Sustainable Growth Rate Legislation Includes Two-Year Extension of Rural Add-on
March 24, 2015 03:29 PM
The U.S. House of Representatives this Thursday will consider legislation on the floor to permanently repeal the Sustainable Growth Rate (SGR). The National Association for Home Care & Hospice (NAHC) has learned that this legislation will include a two-year extension of the Medicare Home Health Rural add-on at its current 3% level, which is set to expire at the end of this year.
As previously reported, the Rural Add-on extension has been one of NAHC’s top priorities for the SGR bill and it would be a huge victory for home care. However, the SGR legislation—as currently drafted—also includes some problematic provisions for home care and hospice, including a reduction in the annual inflation update and imposition of a surety bond on home health. In addition to keeping the rural add-on extension language in the bill, NAHC is working to mitigate the payment cut and remove the surety bond requirement from the legislation.
The legislation will extend the current 3 percent payment rate add-on for home health services delivered to residents of rural areas. This is exactly what NAHC recommended to Congress in its Legislative Blueprint for Action. Loss of the add-on would likely result in agencies having to turn away patients and even eliminate services in rural areas. The delivery of care in rural areas generally costs more than it does in urban areas due to a number of factors. Rural agencies endure fixed costs with fewer patients and visits, resulting in higher per-patient and per-visit costs. Rural agencies also tend to lack access to capital for technological advances that can improve efficiency. MedPAC has consistently found that rural agencies have profit margins below those of urban agencies. For those reasons and more, rural home health services have had a payment differential in one form or another for most of the last 25 years.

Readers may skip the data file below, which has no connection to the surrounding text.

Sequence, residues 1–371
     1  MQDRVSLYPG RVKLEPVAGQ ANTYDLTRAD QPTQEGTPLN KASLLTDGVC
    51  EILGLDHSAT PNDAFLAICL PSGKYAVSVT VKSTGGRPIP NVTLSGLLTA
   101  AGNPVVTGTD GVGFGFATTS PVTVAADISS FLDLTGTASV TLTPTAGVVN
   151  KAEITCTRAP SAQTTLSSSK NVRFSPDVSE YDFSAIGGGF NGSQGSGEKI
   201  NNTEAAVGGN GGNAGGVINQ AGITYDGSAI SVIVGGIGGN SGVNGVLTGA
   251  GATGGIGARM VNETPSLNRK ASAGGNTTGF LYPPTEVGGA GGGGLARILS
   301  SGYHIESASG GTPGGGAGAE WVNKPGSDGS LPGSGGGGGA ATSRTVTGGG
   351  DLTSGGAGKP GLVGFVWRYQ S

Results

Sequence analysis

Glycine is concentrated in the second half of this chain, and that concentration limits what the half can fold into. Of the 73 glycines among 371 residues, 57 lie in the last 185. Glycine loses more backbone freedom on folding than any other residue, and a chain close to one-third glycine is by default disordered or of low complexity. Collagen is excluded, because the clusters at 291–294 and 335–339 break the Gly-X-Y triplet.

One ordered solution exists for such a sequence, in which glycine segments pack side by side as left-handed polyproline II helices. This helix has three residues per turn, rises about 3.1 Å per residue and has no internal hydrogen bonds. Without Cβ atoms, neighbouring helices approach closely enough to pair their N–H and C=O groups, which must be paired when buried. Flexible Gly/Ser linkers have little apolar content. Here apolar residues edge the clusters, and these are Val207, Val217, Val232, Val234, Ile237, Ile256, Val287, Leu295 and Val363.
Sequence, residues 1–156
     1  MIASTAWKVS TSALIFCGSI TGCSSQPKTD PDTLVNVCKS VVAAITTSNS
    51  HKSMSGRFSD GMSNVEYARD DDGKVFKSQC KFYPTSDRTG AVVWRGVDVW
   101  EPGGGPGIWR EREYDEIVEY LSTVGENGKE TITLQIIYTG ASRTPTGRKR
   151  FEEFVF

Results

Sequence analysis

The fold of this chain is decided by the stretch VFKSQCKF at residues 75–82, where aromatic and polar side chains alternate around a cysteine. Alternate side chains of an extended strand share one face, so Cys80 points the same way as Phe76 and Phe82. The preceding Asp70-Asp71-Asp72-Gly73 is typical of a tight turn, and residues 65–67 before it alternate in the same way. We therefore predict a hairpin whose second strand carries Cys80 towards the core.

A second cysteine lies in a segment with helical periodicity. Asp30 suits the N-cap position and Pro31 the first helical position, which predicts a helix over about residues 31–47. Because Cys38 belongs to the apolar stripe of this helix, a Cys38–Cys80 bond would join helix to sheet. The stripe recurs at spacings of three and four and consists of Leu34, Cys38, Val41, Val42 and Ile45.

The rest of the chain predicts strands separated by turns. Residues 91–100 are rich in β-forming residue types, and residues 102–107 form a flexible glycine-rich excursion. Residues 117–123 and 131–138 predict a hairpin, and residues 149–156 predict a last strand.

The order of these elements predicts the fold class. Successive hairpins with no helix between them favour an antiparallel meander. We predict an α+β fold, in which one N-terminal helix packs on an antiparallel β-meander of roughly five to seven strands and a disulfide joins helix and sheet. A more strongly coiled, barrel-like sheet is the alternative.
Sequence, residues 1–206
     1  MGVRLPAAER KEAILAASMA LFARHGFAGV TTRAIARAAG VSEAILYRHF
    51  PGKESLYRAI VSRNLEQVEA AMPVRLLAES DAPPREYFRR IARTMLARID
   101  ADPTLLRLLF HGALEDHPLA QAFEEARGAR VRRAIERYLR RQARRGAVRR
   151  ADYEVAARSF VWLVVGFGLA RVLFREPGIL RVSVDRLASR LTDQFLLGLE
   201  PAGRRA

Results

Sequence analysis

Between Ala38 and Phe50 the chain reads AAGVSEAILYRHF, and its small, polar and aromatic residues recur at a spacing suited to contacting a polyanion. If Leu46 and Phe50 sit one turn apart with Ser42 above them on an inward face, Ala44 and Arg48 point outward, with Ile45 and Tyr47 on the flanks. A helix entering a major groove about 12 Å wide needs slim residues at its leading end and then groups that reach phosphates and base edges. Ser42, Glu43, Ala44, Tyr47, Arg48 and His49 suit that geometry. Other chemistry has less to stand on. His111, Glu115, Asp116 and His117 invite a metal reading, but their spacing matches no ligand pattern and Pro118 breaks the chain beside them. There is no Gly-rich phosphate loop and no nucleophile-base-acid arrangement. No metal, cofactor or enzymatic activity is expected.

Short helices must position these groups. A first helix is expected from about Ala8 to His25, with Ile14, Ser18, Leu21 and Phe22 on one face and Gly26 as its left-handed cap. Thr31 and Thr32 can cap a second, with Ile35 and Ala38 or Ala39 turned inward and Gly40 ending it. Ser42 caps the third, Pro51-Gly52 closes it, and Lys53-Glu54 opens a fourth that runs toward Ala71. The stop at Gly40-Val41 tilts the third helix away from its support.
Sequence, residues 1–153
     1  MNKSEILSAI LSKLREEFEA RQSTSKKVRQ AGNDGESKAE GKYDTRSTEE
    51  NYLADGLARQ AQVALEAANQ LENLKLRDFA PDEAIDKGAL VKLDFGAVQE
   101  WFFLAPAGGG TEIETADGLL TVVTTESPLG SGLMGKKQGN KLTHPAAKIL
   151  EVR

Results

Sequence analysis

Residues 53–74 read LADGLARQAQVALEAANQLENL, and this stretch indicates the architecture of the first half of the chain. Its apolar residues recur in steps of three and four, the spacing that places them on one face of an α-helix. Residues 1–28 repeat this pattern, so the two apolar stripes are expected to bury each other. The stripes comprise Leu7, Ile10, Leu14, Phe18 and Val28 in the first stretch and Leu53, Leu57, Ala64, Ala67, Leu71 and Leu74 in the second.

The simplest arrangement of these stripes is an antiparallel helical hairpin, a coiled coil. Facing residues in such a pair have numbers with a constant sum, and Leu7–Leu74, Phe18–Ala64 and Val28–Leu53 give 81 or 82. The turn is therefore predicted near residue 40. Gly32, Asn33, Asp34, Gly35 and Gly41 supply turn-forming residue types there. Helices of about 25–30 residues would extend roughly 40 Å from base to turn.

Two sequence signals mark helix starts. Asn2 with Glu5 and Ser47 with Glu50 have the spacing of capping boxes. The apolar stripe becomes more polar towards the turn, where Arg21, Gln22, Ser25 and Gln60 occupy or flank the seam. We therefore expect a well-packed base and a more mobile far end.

An important element of the rural add-on extension is that the bill does not include any “offset” whereby home health care itself is forced to pay for the cost of the add-on. It is estimated that the add-on cost for two years exceeds $200 million. NAHC had been prepared to cover that cost with adjustments to outlier episode funding, but it appears that is now unnecessary.
While inclusion of the Rural add-on is good news, the legislation would also impose a harmful surety bond requirement on home health agencies. NAHC has argued against similar proposals to impose a surety bond in legislation and in the President’s budget. Currently, Medicare has the authority to impose a surety bond on home health agencies but has chosen not to do so. The legislative change would make the surety bond a mandatory condition of participation in Medicare for all home health agencies. Further, it would require that a bond be no less than $50,000 in value with the authority to scale the bond amount to much higher levels based upon the Medicare revenue in the home health agency.